For people in many parts of the U.S.—as well as large portions of the world—the phrase “record heat” has been a regular part of the recent forecast. While that doesn’t mean you have to move your favorite outdoor workout into the gym, you may need to do it a little differently. Here’s what experts recommend for staying safe and active outdoors.
How hot is too hot to exercise outside?
There’s no precise temperature at which it becomes unsafe to exercise. It comes down to individual factors, according to Melissa Kendter, a personal trainer, running coach, and functional training specialist in Perkasie, Pa.
“This depends on how your body responds to heat, your fitness level, age, and any underlying conditions you might have such as cardiovascular disease or asthma,” she says. “If you have trouble breathing when it’s humid, for instance, your definition of ‘too hot’ will be a lower temperature than someone who feels fine.”
Your personal upper temperature threshold can change as you adapt over weeks of outdoor workouts. For example, early in the summer, Kendter says she has to scale back on her marathon training in order to acclimate to higher heat and humidity. But those same temperatures later in the summer aren’t usually a problem because she’s more conditioned to deal with the heat. She suggests about two to four weeks of slower, less intense exercise in order to let your body adjust.
What’s the best exercise to do outside?
If you want to stay cool and still enjoy the outdoors, it’s tough to beat swimming as an activity, says Kendter, especially in a refreshingly chilly pool, lake, or ocean. Beyond that, any exercise you can do slowly and mindfully is appropriate for hot days, including yoga, jogging at an easy pace, a leisurely bike ride, or hiking in a shaded forest. No matter what you choose, make sure to move more slowly than you would during other seasons.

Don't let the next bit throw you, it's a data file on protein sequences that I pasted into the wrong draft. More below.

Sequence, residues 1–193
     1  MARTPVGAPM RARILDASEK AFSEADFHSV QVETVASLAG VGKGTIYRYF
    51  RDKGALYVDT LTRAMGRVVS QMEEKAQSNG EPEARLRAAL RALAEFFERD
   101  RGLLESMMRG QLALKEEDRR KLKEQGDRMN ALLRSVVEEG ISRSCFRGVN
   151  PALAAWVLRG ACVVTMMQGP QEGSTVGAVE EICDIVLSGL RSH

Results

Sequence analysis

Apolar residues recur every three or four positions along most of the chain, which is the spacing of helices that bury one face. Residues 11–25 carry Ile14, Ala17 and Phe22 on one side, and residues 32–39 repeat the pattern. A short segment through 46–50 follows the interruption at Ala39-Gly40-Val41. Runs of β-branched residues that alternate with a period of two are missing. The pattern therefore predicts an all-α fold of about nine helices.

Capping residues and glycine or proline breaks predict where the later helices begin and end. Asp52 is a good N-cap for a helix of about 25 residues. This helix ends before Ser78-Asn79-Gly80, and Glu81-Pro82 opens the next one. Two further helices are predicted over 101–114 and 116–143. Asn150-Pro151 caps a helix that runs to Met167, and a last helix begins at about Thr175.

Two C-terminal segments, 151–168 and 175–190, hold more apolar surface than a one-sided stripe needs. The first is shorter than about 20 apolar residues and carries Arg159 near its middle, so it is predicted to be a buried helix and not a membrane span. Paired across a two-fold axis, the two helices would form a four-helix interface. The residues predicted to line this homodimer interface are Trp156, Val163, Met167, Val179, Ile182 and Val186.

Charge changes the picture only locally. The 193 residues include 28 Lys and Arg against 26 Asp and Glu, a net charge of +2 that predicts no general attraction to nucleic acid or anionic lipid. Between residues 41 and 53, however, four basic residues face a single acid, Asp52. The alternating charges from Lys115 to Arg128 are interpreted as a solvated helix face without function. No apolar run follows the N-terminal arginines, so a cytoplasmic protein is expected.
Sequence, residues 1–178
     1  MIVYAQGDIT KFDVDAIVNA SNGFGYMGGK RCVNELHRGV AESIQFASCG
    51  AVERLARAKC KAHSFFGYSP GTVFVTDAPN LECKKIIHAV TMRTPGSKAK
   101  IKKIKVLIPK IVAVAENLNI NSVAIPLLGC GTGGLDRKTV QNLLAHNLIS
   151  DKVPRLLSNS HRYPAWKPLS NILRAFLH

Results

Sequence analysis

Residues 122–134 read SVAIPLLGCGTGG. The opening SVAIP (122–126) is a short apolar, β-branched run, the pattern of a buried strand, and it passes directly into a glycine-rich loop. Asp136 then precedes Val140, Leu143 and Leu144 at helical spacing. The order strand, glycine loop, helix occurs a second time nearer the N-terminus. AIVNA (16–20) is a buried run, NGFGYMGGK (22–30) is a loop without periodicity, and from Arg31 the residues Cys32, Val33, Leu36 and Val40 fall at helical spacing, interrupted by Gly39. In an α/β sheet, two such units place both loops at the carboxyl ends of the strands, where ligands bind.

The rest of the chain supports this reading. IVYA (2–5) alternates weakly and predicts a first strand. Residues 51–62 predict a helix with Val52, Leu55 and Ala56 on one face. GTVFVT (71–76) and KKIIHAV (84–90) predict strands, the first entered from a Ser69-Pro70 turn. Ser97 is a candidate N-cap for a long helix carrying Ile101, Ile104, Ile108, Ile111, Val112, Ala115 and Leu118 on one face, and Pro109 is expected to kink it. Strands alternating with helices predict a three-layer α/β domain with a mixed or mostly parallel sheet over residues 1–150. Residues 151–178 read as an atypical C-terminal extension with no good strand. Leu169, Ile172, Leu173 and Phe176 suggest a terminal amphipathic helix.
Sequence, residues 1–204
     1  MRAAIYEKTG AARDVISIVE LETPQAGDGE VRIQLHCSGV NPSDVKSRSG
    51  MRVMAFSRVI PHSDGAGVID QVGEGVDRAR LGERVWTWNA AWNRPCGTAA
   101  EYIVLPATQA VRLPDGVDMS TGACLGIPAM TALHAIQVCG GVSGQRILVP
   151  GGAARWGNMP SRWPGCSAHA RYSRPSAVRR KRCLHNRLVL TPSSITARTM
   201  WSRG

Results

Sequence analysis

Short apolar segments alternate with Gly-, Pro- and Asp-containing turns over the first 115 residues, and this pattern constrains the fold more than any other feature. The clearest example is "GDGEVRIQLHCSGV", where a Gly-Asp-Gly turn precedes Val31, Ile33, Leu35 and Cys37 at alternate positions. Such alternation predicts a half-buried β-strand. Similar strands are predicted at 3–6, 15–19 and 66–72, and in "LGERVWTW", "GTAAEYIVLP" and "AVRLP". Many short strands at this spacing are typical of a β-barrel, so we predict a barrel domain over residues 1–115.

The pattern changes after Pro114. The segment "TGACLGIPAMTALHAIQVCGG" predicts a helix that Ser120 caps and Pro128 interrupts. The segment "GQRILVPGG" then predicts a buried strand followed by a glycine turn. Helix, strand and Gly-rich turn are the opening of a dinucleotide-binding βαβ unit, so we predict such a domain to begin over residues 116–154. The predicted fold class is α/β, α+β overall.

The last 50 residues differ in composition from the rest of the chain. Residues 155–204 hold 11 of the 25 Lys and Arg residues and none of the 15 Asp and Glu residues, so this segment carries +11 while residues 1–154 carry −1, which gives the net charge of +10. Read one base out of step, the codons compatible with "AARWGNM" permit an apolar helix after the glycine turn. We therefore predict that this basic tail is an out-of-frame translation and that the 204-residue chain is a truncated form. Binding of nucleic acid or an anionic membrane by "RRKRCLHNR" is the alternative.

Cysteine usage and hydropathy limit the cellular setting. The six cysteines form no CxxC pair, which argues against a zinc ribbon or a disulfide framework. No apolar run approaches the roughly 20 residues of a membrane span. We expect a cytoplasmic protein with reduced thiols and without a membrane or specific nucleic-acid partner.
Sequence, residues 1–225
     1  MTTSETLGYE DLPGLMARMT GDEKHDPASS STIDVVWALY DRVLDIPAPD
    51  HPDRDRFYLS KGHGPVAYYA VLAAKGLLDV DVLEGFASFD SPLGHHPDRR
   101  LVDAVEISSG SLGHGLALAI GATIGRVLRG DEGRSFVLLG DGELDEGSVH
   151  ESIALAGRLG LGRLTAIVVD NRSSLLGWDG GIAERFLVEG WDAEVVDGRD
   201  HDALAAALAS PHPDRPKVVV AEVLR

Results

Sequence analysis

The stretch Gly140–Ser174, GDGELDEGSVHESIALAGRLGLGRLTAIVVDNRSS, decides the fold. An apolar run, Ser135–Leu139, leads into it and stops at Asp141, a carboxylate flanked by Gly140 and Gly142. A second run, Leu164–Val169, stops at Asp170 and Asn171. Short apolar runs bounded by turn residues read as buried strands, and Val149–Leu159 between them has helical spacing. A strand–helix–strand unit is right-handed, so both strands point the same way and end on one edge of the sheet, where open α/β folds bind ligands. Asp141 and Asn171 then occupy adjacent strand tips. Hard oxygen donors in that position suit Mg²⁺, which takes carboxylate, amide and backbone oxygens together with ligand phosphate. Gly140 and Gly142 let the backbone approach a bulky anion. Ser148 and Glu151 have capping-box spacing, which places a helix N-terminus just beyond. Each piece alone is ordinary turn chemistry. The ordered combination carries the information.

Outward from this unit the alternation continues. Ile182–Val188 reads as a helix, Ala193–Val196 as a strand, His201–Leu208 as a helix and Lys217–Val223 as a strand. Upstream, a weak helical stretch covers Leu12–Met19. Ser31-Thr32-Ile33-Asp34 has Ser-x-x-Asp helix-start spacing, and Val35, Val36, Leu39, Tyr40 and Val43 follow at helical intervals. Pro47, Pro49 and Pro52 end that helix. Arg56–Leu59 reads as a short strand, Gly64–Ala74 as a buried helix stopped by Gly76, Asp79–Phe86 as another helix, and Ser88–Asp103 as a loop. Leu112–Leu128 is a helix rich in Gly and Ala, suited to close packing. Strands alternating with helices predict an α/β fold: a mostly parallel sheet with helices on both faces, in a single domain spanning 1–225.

“Exercising when it’s hot is more about maintaining consistency than improving your performance,” she adds. “Your body will be working harder because of the heat, so now is not the time to push yourself.” Working out in the early morning or early evening is another good way to stay safe.
“In many cases, heat exhaustion is very preventable,” says Dr. Casey Batten, director of primary care sports medicine at Cedars-Sinai Kerlan-Jobe Institute in Los Angeles. “The main strategy if you’re going to exercise outdoors is to be prepared, and that means dressing the right way, working out when it’s cooler, and staying hydrated.”
Here are other tips Kendter and other experts advise:
- Wear light-weight, sweat-wicking clothes that allow for better airflow
- Hydrate well in advance of your workout, and bring along water to drink during and after your workout
- If you’re running or biking, look for shaded routes, or do a HIIT workout in a shaded area
- Wear a hat, even if you’ll be under tree cover
- Have a plan to move indoors if the temperature and humidity begin to feel problematic
Another important recommendation: Stay aware of how you’re feeling, so you can detect any heat-related problems as soon as they start.